16

Consider the following code:

#include <string_view>

constexpr std::string_view f() { return "hello"; }

static constexpr std::string_view g() {
    auto x = f();
    return x.substr(1, 3);
}

int foo() { return g().length(); }

If I compile it with GCC 10.2, and flags --std=c++17 -O1, I get:

foo():
        mov     eax, 3
        ret

also, to my knowledge, this code does not suffer from any undefined behavior issues.

However - if I add the flag -fsanitize=undefined, the compilation result is:

.LC0:
        .string "hello"
foo():
        sub     rsp, 104
        mov     QWORD PTR [rsp+80], 5
        mov     QWORD PTR [rsp+16], 5
        mov     QWORD PTR [rsp+24], OFFSET FLAT:.LC0
        mov     QWORD PTR [rsp+8], 3
        mov     QWORD PTR [rsp+72], 4
        mov     eax, OFFSET FLAT:.LC0
        cmp     rax, -1
        jnb     .L4
.L2:
        mov     eax, 3
        add     rsp, 104
        ret
.L4:
        mov     edx, OFFSET FLAT:.LC0+1
        mov     rsi, rax
        mov     edi, OFFSET FLAT:.Lubsan_data154
        call    __ubsan_handle_pointer_overflow
        jmp     .L2
.LC1:
        .string "/opt/compiler-explorer/gcc-10.2.0/include/c++/10.2.0/string_view"
.Lubsan_data154:
        .quad   .LC1
        .long   287
        .long   49

See this on Compiler Explorer.

My question: Why should the sanitization interfere with the optimization? Especially since the code doesn't seem to have any UB hazards...

Notes:

  • I suspect a GCC bug, but maybe I have the wrong perception of what the UBsan does.
  • Same behavior if I set -O3.
  • With no optimization flags, the longer code is produced both with and without sanitization.
  • If you declare x to be a constexpr variable, the sanitization doesn't prevent the optimization.
  • Same behavior with C++17 and C++20.
  • With Clang, you get this discrepancy as well, but only with a higher optimization setting (e.g. -O3).
  • 1
    Asan is not the same as UBsan. Anyway, I guess it's just the addition of instrumenting that does this, and the compile either doesn't or can't optimise around that. – underscore_d Oct 23 at 16:06
  • 1
    My guess is that enabling sanitization disabled the data flow analysis. So instead of determining that there can't be any buffer overflow at compile time, it generates code to check for it at runtime. – Barmar Oct 23 at 16:12
  • @Barmar: But why should enabling sanitization disable the data flow analysis? ... is my question, really. – einpoklum Oct 23 at 16:17
  • @underscore_d: I didn't say Asan and UBsan are the same. – einpoklum Oct 23 at 16:18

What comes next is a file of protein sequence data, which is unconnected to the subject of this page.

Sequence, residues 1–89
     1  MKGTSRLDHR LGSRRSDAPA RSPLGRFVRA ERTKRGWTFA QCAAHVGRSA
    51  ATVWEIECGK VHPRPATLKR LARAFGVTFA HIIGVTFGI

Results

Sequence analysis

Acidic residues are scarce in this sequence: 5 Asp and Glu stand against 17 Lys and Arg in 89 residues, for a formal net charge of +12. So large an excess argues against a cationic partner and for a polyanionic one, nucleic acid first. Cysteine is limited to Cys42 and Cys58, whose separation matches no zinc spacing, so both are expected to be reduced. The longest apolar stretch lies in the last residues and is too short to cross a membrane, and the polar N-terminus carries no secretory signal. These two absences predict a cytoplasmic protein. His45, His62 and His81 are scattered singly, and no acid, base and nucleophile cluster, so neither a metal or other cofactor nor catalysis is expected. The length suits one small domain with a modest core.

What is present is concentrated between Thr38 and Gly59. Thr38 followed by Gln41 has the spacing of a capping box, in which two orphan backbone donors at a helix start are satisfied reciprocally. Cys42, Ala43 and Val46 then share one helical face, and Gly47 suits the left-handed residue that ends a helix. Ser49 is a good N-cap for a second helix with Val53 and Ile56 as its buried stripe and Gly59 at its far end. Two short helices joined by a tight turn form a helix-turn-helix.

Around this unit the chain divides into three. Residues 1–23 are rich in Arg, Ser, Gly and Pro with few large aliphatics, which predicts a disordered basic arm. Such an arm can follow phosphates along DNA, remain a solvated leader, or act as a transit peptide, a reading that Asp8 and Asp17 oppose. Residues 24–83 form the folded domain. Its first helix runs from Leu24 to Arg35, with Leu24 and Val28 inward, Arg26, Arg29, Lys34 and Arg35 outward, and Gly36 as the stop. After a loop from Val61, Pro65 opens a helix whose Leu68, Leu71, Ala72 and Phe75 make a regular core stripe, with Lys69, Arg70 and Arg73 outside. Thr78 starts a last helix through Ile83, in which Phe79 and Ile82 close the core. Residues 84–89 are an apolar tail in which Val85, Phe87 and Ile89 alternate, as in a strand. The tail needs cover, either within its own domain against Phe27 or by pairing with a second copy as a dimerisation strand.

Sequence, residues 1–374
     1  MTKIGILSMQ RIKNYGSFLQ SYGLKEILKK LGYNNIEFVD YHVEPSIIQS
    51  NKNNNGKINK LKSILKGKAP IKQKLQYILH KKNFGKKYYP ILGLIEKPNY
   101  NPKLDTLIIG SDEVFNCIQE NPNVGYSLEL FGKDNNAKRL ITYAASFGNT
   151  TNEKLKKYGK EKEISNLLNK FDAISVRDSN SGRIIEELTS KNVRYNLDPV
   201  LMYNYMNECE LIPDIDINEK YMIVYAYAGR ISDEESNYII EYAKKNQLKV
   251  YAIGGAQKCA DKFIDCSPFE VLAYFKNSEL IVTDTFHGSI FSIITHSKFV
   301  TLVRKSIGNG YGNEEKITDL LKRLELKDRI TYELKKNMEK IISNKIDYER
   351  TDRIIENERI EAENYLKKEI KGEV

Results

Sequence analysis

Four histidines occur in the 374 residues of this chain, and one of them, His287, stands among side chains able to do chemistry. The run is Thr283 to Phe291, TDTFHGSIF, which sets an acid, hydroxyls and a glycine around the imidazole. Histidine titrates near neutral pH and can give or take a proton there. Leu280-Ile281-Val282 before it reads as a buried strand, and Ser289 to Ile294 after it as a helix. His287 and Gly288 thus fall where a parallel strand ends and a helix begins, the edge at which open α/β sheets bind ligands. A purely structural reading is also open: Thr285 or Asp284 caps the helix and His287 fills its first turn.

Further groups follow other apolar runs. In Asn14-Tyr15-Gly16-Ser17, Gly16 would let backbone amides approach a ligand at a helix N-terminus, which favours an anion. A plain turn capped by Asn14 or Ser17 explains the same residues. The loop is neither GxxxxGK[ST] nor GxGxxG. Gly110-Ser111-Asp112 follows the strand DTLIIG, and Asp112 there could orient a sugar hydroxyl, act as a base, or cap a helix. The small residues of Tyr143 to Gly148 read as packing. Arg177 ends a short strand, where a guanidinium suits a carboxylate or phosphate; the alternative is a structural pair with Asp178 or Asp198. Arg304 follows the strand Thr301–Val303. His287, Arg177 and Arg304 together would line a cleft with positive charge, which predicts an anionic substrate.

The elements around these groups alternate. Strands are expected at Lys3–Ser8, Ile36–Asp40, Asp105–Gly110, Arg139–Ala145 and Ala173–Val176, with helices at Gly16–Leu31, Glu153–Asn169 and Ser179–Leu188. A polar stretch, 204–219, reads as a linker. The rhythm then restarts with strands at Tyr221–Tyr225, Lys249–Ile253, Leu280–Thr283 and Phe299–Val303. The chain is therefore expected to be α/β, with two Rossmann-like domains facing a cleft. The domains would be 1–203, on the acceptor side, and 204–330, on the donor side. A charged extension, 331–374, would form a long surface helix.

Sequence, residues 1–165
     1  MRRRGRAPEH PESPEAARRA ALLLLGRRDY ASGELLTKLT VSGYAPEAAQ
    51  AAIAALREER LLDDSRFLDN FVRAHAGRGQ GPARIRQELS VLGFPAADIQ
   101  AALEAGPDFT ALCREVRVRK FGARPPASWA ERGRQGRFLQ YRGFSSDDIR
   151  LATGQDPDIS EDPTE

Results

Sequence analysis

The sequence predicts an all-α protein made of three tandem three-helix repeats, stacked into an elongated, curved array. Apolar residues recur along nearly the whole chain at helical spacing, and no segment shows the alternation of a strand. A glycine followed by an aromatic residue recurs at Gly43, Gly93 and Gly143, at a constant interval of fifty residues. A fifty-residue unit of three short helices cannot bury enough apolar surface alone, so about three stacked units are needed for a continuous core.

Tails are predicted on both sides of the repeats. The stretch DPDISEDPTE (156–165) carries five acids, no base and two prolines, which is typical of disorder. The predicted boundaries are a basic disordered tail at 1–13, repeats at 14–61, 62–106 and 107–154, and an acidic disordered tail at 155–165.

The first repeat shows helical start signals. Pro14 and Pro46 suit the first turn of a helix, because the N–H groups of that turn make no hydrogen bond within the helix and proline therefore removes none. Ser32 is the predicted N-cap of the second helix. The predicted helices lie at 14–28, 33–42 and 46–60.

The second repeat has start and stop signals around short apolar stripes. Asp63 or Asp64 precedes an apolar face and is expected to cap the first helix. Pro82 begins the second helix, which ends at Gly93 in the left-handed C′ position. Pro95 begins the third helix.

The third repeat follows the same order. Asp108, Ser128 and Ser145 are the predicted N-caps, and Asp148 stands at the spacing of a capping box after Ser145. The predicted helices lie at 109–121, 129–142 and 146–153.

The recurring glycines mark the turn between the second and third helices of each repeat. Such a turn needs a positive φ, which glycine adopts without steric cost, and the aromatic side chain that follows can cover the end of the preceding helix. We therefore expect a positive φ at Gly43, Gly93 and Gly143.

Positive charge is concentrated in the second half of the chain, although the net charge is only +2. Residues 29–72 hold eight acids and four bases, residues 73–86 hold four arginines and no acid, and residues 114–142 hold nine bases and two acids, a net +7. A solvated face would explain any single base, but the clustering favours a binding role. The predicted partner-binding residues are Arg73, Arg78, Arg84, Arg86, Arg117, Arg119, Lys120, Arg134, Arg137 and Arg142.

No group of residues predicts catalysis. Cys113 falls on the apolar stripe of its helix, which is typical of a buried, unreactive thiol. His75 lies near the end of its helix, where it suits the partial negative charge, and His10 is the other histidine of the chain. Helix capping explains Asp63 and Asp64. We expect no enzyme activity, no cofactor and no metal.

• 1
    @einpoklum Your original title said "address sanitization", but the question is about undefined behavior sanitization. – Barmar Oct 23 at 16:18
10

Sanitizers add necessary instrumentation to detect violations at run-time. That instrumentation may prevent the function from being computed at compile-time as an optimization by introducing some opaque calls/side-effects that wouldn't be present there otherwise.

The inconsistent behavior you see is because g().length(); call is not done in constexpr context, so it's not required (well, "not expected" would be more accurate) to be computed at compile-time. GCC likely has some heuristics to compute constexpr functions with constexpr arguments in regular contexts that don't trigger once sanitizers get involved by either breaking the constexpr-ness of the function (due to added instrumentation) or one of the heuristics involved.

Adding constexpr to x makes f() call a constant expression (even if g() is not), so it's compiled at compile-time so it doesn't need to be instrumented, which is enough for other optimizations to trigger.

One can view that as a QoI issue, but in general it makes sense as

  1. constexpr function evaluation can take arbitrarily long, so it's not always preferable to evaluate everything at compile time unless asked to
  2. you can always "force" such evaluation (although the standard is somewhat permissive in this case), by using such functions in constant expressions. That'd also take care of any UB for you.
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4

Especially since the code doesn't seem to have any UB hazards

f() returns a std::string_view which contains a length and a pointer. The call to x.substr(1, 3) requires adding one to that pointer. That technically may overflow. That is the potential UB. Change 1 to 0 and see the UB code go away.

We know that [ptr, ptr+5] are valid, so the conclusion is that gcc fails to propagate that knowledge of the value range, despite aggressive inlining and other simplification.

I can't find a directly related gcc bug, but this comment seems interesting:

[VRP] does an incredibly bad job at tracking pointer ranges where it simply prefers to track non-NULL.

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3

Undefined behavior sanitizers are not a compiler-time-only mechanism (emphasis not in the original; and the quote is about clang but it applies to GCC as well):

UndefinedBehaviorSanitizer (UBSan) is a fast undefined behavior detector. UBSan modifies the program at compile-time to catch various kinds of undefined behavior during program execution.

So, instead of the original program - what actually gets compiled is a program with some additional "instrumentation" that you can see in the longer compiled code, e.g.:

  • Additional instructions which the original program would should not be able to get to.
  • An indication of where in the standard-library code the inappropriately-executed code is related.

Apparently, GCC's optimizers can't detect that there actually won't be any undefined behavior, and drop the unused code.

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